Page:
Edited by Stephen Tully
Chapter 100: UN: The Rome Statute of the International Criminal Court, 1998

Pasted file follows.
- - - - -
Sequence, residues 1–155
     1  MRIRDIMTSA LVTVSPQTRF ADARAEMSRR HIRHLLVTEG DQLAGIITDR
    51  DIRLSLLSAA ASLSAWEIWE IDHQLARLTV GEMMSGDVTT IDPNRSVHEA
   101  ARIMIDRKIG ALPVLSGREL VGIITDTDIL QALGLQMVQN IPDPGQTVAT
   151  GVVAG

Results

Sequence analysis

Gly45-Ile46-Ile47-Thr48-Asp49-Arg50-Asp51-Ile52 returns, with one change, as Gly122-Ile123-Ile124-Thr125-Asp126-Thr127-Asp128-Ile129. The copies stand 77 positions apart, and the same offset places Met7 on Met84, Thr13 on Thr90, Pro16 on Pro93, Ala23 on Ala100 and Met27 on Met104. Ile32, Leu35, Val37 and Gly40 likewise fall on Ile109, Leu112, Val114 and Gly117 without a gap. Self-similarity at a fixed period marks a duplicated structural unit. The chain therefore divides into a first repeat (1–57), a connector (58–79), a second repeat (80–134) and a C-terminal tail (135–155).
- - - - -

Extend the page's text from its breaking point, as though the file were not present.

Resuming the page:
Commentary: The Rome Statute (UN Doc A/CONF.183/9 (1998), entry into force 2002) envisages individual criminal responsibility for aggression, war crimes, crimes against humanity and genocide where offences occur on the territory of State Parties or by nationals thereof. Proposals to include corporate criminal responsibility were rejected on account of national legal differences: see Article 23(5), Draft Statute of the International Criminal Court, UN Doc A/CONF.183/2/Add.1 (1998). ‘Most delegations held the view that it would be more useful to focus attention on individual responsibility, noting, at the same time, that corporations were in fact controlled by individuals’: Preparatory Committee on the Establishment of an International Criminal Court (1996), ‘Proceedings during the Period 25 March–12 April 1996’, Draft summary prepared by Rapporteur Yoshida, UN Doc A/AC.249/CRP.3/Add.l: paragraphs 5–6. However, corporate liability ‘could be important in the context of restitution’. See generally, www.un.org/law/icc. The European Parliament has called for a ‘legally binding framework with sanctions for companies which contribute to conflicts’ in unstable regions: European Parliament, Resolution on the Commission Communication on Conflict Prevention, COM(2001)211. A Nuremberg Military Tribunal observed that in certain circumstances action by companies and their representatives in circumstances of an armed conflict ‘cannot be differentiated from acts of plunder or pillage committed by officers . . . or . . . officials of the Third Reich’: US v Krauch (1952) 8 Control Council Law No 10 Trials 1081, 1140 (US Military Tribunal VI 1948). Individual criminal responsibility arises inter alia when offenders are aided and abetted by acts or words...
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